Aides said FitzGerald came away quite pleased from a recent discussion of such issues with O'Fiaich. They said if the constitutional change is made, FitzGerald would consider introducing into parliament a bill legalizing divorce, but with novel legal protections for children involved.
FitzGerald said his campaign for constitutional change puts an extra burden on his minority coalition government at a time when it must take unpopular steps to deal with a serious financial crisis. After two decades of rapid industrialization and robust growth that transformed Ireland economically and socially from a stagnant agrarian society into a modern industrialized nation, expansionary job-creation policies during the current world recession have left it dangerously in debt, according to FitzGerald.
If no changes were made, he said, the government would have to borrow the equivalent of 22 percent of the gross national product to cover its budget and balance of payments deficits next year. By cutting government spending and increasing some taxes, he said he plans to cut the government deficit by half and its borrowing by a third.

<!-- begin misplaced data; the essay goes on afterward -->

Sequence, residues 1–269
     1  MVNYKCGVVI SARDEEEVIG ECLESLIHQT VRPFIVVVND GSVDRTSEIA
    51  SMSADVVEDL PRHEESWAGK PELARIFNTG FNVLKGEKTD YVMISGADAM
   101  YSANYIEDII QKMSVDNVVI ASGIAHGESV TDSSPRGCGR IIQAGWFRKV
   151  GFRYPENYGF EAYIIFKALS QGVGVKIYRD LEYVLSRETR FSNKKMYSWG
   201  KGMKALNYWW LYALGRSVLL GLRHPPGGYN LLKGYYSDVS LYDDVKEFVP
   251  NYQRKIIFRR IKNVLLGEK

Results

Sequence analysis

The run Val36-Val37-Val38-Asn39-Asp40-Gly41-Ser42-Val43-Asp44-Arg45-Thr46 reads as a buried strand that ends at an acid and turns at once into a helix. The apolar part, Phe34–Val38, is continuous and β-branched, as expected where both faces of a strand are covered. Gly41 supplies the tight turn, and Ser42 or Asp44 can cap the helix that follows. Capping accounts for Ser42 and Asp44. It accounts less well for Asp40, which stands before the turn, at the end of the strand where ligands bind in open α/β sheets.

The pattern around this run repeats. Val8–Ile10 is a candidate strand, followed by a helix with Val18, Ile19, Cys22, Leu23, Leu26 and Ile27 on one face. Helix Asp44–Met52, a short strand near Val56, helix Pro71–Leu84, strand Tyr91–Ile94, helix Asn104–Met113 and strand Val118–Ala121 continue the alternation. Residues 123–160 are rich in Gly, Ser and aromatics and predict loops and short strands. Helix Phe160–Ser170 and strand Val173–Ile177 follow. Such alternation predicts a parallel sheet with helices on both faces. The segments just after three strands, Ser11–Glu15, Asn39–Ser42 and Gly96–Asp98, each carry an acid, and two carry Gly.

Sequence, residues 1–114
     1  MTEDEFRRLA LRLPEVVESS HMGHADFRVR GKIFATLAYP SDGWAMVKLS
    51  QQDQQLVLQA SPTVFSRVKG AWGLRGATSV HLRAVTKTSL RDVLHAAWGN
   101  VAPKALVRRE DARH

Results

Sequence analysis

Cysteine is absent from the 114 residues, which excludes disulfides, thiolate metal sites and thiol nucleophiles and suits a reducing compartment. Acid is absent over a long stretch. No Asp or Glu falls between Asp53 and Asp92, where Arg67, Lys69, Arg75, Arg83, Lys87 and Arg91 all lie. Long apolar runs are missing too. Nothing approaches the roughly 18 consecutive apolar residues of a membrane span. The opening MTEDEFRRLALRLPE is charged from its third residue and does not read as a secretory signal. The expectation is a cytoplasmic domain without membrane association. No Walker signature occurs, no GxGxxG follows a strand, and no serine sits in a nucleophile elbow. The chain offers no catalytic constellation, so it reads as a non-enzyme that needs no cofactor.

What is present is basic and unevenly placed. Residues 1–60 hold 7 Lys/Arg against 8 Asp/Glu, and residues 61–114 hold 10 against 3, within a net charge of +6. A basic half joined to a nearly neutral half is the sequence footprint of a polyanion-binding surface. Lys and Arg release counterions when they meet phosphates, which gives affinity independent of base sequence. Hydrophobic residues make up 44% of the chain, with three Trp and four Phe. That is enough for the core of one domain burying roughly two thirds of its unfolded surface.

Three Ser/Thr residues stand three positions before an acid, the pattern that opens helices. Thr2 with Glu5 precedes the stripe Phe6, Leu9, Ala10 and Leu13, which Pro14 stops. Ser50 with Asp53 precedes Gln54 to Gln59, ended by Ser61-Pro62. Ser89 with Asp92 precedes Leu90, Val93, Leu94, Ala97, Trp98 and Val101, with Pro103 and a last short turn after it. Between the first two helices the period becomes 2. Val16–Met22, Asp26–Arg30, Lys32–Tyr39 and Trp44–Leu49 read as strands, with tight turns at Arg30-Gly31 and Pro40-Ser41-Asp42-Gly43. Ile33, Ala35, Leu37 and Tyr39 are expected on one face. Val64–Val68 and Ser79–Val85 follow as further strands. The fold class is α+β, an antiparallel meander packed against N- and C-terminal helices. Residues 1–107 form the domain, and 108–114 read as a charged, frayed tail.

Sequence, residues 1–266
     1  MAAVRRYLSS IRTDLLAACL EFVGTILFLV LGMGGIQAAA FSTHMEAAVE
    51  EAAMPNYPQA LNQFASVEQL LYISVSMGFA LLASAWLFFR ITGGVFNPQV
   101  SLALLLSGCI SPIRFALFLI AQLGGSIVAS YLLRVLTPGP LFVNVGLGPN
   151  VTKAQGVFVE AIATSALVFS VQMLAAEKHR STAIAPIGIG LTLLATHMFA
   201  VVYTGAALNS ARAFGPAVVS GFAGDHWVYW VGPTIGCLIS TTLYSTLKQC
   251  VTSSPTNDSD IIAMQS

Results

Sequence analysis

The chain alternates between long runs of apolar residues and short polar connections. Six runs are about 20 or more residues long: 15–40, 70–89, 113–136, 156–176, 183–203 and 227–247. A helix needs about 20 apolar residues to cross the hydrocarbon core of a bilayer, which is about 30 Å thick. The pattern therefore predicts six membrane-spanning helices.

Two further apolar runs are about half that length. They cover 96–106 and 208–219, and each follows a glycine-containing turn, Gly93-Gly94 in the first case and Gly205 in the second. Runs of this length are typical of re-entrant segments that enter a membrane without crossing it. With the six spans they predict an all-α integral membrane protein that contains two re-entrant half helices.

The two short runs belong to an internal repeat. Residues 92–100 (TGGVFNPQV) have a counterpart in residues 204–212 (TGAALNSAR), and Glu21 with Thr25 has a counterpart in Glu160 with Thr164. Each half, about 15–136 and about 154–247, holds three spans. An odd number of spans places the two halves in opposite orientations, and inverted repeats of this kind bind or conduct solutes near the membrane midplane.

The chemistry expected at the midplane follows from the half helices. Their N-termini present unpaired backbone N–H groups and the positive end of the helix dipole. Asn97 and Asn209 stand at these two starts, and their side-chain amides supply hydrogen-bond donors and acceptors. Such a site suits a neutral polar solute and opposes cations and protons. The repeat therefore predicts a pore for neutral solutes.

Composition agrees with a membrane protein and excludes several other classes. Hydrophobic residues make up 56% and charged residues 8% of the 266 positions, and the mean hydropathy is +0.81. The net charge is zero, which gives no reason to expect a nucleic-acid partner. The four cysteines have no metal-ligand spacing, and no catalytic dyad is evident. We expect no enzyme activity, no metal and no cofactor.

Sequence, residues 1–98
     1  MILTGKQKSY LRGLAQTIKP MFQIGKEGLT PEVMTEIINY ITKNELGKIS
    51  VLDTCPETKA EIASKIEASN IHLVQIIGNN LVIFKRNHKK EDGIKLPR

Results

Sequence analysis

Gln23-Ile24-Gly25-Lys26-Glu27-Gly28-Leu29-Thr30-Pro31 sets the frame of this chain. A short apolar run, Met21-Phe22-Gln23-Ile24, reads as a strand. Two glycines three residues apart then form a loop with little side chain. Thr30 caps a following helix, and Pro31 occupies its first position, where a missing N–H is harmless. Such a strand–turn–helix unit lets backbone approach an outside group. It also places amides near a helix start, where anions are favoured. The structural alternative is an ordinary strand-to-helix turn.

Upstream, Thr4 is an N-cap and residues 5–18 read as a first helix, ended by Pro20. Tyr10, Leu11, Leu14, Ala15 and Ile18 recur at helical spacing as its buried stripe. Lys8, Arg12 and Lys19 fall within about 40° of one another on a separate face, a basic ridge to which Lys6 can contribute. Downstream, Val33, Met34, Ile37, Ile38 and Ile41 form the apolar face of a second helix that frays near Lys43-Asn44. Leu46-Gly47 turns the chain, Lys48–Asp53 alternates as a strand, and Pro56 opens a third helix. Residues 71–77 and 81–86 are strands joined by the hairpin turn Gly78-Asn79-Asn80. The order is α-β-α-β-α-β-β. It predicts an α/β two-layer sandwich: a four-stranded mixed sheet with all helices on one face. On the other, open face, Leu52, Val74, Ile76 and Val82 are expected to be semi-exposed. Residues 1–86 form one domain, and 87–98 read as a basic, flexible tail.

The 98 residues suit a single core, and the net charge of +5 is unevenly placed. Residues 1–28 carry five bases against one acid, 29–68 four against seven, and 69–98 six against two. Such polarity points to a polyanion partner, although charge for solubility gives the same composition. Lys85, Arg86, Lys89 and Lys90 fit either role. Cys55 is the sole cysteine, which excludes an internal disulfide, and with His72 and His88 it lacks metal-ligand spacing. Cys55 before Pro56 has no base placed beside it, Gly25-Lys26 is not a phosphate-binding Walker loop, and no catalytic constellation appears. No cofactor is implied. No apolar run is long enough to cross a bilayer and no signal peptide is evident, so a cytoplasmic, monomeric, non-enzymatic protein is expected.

FitzGerald, an economist and former financial journalist known for a computer-like command of figures, said the budget he presents to parliament next month will be a harsh austerity package that will force at least a temporary reduction in living standards for most Irish families and may further increase unemployment, which has already soared to 13 percent of the work force, the highest rate since 1936.
The fate of next month's budget will be a crucial test for the minority coalition government of FitzGerald's Fine Gael Party and the smaller Labor Party. But FitzGerald said his budget should still be sufficiently "socially progressive" to keep the support of the independent and minority party members in his thin working majority in parliament.